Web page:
MACBETH -- At the Folger through November 18. MACBETH - At the Terrace Theater through Saturday
The Folger Theater Group is opening its season with a "Macbeth" that's crammed with ideas. Some are dreadful ideas, some are fascinating ones and all of them are at least interesting.
One perfectly terrible idea, which may have sounded terrific in theory but should have been tossed out on the first try was to hoke up the three witches. These weird sisters are played by men who look and behave like street winos molesting passersby, and their cauldron is about the size of a one-pot yogurt maker. When Macbeth even acknowledges their existence, let alone peers into their puckered papier-mache masks to seek knowledge, he marks himself as a naive fool.
An exciting idea that works was to do Lady Macbeth as a charming and beloved woman. Glynis Bell, who has done marvelous Shakespearen commedy at Folger, is the opposite of your standard shrieking, fiendish Lady Macbeth the kind who makes the Macbeth partnership into that of a shrew goading a weakling.
This Lady Macbeth is the more effective and horrifying because she has a gentle, sensible, soothing manner of expaining to Macbeth the practical means of achieving their shared goal. It's obviously a passionate marriage with a complete identification of ambitions. They are constantly looking out for and protecting each other. Lady Macbeth is cooler before and during the crisis, but begins to crack first when it's past. The manner in which she rallies to put on a good social act to cover his behavior at the banquet scene is eerily touching.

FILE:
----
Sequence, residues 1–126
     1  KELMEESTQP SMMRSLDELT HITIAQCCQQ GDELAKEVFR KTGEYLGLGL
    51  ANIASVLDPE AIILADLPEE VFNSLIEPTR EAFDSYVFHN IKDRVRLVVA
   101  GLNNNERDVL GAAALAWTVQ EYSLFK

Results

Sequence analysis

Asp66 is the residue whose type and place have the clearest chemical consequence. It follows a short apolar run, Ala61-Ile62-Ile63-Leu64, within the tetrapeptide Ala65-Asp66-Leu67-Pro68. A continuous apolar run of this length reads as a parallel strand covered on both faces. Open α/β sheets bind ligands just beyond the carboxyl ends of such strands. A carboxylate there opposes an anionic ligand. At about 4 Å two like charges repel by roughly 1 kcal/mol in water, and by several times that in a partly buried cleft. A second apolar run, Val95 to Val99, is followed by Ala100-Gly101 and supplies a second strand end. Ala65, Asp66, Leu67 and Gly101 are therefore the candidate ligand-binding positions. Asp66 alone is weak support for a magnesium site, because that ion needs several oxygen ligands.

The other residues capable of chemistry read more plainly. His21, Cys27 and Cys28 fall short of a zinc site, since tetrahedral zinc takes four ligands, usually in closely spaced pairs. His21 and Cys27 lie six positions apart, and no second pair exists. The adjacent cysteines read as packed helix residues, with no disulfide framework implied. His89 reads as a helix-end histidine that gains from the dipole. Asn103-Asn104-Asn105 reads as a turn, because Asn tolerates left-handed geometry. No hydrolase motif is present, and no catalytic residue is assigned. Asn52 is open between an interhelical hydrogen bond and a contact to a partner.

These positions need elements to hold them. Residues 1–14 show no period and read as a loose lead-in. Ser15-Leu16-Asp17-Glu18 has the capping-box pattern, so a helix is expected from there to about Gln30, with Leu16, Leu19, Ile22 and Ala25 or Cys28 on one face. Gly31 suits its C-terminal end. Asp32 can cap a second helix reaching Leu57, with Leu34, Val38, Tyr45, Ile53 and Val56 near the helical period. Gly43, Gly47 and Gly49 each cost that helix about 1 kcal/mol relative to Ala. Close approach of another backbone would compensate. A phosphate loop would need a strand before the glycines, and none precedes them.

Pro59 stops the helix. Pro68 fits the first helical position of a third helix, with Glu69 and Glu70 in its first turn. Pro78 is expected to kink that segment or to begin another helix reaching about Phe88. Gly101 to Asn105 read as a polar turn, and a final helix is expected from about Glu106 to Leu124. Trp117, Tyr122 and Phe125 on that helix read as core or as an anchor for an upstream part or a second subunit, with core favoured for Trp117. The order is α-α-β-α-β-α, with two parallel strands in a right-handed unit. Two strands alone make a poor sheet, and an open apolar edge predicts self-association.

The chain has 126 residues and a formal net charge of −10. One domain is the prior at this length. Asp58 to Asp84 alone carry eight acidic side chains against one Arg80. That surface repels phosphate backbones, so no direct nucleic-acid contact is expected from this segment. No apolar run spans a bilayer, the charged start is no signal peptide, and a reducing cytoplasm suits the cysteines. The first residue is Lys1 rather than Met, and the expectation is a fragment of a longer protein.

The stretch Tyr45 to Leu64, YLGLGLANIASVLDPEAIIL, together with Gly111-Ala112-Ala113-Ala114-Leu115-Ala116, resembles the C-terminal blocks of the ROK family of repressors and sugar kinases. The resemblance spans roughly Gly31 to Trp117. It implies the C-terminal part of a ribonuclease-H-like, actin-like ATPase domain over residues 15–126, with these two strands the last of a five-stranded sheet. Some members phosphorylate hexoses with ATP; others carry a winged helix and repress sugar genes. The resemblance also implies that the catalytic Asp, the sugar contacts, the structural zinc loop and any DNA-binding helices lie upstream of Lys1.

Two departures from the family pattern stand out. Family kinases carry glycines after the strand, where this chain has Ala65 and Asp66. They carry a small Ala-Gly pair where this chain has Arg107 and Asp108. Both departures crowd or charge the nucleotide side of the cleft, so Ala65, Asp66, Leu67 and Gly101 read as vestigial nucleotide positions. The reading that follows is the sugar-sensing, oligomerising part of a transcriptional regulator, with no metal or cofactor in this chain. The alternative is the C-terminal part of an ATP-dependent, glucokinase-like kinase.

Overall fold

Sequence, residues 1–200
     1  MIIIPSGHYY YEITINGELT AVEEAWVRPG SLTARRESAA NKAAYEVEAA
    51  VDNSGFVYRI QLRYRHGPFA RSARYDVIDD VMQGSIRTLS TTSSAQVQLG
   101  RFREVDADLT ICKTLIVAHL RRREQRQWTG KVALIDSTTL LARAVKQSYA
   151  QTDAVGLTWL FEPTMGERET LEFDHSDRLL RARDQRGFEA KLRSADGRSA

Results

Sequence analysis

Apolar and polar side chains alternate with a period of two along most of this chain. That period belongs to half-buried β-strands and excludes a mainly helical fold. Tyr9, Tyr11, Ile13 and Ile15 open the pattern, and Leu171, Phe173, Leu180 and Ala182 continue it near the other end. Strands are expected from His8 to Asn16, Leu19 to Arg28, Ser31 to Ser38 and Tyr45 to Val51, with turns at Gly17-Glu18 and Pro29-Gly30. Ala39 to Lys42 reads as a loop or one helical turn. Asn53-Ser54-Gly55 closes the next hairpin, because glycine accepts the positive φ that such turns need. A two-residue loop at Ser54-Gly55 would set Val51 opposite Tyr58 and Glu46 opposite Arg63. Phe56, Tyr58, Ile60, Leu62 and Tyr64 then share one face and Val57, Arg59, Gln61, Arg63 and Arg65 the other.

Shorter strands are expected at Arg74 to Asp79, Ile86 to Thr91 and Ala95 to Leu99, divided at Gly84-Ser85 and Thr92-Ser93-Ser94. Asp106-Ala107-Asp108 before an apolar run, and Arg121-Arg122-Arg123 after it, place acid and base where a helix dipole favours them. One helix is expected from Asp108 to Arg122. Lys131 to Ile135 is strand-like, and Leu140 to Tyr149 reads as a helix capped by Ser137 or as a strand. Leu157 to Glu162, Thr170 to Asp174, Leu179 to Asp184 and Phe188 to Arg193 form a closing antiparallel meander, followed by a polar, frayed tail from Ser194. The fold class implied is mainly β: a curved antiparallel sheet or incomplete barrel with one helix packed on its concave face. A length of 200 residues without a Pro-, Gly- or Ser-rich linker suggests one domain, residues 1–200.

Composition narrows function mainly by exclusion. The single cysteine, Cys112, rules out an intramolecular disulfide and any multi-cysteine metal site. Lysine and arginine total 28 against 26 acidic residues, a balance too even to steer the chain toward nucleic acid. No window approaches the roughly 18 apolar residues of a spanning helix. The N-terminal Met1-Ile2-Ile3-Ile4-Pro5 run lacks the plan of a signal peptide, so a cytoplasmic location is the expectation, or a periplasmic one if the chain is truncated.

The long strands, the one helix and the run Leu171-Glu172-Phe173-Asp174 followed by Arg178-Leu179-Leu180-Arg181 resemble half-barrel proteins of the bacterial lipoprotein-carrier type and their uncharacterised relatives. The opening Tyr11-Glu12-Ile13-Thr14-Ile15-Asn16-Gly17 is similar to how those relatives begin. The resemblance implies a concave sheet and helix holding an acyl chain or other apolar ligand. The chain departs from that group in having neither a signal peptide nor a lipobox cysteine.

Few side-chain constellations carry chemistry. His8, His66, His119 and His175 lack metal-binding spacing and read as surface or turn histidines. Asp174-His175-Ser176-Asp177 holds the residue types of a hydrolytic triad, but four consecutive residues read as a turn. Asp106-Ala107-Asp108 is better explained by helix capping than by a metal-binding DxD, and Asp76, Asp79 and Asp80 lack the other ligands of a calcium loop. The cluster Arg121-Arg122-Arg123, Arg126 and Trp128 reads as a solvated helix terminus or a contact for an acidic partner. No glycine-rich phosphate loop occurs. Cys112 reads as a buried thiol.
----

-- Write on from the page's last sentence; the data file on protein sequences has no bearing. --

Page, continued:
After Duncan's murder, it's interesting to watch Sam Tsoutsouvas' Macbeth, whose royal mannerisms are growing as quickly on the outside as his pain is within. His weary cynicism in the "Tomorrow and tomorrow and tomorrow" speech, with an ironic smile accompanying the "tale told by an idiot," is striking. But the first impression made by Macbeth, coming in all clean from battle and looking like a young Tony Curtis, with an equally boyish, bare-chested Banquo, gives him the handicap of seeming shallow. The one thing that Macbeth cannot lack is sensibility.
The production, directed by Mikel Lambert, tinkers with nearly everything except, miraculously, period and place. It's still in Scotland, and people are in rough wools, not blue jeans. But Macduff seems resigned, as if he's been through it all before. Banquo is like an old college pal of Macbeth's with whom he's had a falling out. Birnam Wood on the march looks like the Christians decorations going up at a shopping mall. A background soundtrack is full of unidentifiable noises, although one may have been an arcade full of pinball machines and another perhaps the police helicopter.
Let's hope that it was an opening-night accident, not a bright idea, that Macbeth gets Macduff in the groin with his sword (for which Macduff shoots him a "no fair" look).
And also that, in the thick of the theater season, there will be less time to think how every detail can be subjected to an original idea.